How we got to 10: the 2023 cohort edition

How we got to 10: the 2023 cohort edition
Photo by Victoriano Izquierdo / Unsplash

Last year when we selected apprentices, Grace screened the applications and did all the interviews. This year, with more mentors onboard and a will to strive for a slower-paced, happy work balance, the process we went through to select apprentices changed a bit, starting with the tools we used and the journey we took to get to Round 1 and the Final Round. Let’s talk about how we got to the final 10.

[Good design] is also about the systems we design to help us make the decisions we need to make.

What is good design? Let’s talk about the design and ethics of the selection process. Yes, this is another meandering post talking about the design of such behind-the-scenes workflows we have at DIA. Did you think that this article is about inclusion, accountability, and transparency? Well, it is, and it is also about the systems we design to help us make the decisions we need to make. Like all things in life, even this needs to be thought about with intention.

Lots of gears turned in our heads during this process. Credit: Giphy

How many applications did we receive?

Stats first. We started the application form in 2021 and it focuses on 2 main questions:

  1. Tell us about your UX journey
  2. Why is this apprentice program for you?

After the application period for the 2022 cohort ended, the form was opened again around May as a way to measure interest. Even though all the slots were filled, the form was still available for anyone who came across and still wanted to apply. We received 40 applications between May 1st and December 15.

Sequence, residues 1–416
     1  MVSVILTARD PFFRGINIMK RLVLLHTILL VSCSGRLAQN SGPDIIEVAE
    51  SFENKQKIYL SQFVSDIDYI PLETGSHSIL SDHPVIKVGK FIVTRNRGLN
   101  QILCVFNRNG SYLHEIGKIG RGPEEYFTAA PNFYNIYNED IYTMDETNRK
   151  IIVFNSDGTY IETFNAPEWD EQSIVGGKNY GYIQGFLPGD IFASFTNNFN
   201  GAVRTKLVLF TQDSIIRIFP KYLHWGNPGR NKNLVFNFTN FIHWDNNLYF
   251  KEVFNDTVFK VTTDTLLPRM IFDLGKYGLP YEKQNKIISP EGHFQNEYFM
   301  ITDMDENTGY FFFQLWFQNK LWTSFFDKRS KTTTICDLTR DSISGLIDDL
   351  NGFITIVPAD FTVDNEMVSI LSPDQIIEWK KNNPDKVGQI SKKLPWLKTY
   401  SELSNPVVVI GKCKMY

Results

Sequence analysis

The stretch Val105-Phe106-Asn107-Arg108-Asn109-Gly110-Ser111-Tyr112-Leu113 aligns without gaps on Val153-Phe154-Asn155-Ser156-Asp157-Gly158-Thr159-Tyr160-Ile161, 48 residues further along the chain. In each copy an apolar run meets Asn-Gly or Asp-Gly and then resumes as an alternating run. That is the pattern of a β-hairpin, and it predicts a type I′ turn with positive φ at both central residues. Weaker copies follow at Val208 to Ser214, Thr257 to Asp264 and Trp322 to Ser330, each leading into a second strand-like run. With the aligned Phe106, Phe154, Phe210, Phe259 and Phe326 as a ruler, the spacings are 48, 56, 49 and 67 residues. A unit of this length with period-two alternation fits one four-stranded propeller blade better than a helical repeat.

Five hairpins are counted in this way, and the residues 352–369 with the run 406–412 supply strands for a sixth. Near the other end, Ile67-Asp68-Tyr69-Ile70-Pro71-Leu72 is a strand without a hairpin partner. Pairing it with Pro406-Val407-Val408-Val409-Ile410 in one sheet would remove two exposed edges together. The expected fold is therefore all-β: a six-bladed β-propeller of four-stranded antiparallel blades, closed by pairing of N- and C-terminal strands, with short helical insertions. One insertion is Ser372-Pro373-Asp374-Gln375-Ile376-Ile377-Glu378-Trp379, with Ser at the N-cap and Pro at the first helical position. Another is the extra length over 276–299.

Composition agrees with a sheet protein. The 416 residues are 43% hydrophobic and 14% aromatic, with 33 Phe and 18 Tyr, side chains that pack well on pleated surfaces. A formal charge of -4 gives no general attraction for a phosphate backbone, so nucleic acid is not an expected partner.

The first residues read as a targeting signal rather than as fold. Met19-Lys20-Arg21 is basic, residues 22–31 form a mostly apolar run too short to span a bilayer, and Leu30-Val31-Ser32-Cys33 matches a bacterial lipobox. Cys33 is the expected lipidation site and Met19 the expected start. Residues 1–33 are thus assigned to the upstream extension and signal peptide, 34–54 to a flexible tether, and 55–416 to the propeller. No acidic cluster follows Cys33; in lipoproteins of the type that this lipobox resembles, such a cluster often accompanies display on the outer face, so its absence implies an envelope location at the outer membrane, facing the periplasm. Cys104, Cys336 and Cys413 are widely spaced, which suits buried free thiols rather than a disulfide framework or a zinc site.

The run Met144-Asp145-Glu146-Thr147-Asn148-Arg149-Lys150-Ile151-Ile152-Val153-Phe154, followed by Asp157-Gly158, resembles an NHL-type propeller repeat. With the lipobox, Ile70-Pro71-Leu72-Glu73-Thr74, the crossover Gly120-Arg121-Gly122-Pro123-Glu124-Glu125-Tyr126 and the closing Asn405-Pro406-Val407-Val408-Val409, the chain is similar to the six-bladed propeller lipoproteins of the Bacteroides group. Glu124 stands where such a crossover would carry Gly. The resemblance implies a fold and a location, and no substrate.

In mid-December, we announced with great fanfare that DIA is accepting applications again. The deadline was set for January 12. We set planned dates for workshops. We made changes to what the program was focused on. People who applied before this announcement were asked to re-confirm their interest in the light of these changes or re-apply with updated information, if they wished. Filtering out those who re-submitted and those who were no longer interested, we ended up reviewing only 22 applications from this early batch.

Meanwhile, we were very soon overwhelmed with applications coming in and made the executive decision to close the application period at the end of the year (December 31).

  • 75 total applications received
  • 60 total unique applications to be considered for 2023 since May 1, 2022. Again, this did not include duplicate applications, no-responses to reconfirm their interest, or withdrawals.
Our faces when we saw the applications pouring in! Yes, we felt overwhelmed by how many people applied. Credit: Giphy

What went into reviewing the applications?

As mentioned before, only one person reviewed and screened the applications in 2021 and 2022. This year, at least 5 mentors were involved in the review process. It was not up to one person to decide who was interviewed and accepted. It was imperative that we needed to outline what this meant and how these votes impacted the mentors and affected the applications that rose to the top of the list..

We read every single application.

Understanding a bit about how they got to UX in the first place was interesting. We found that many discovered UX during the pandemic, as expected. Lots of career-switchers or transitioners. A fair amount of recent graduates and current students. The experience level range continued to be as wide as last year’s applicants: at most 20 years span of experience.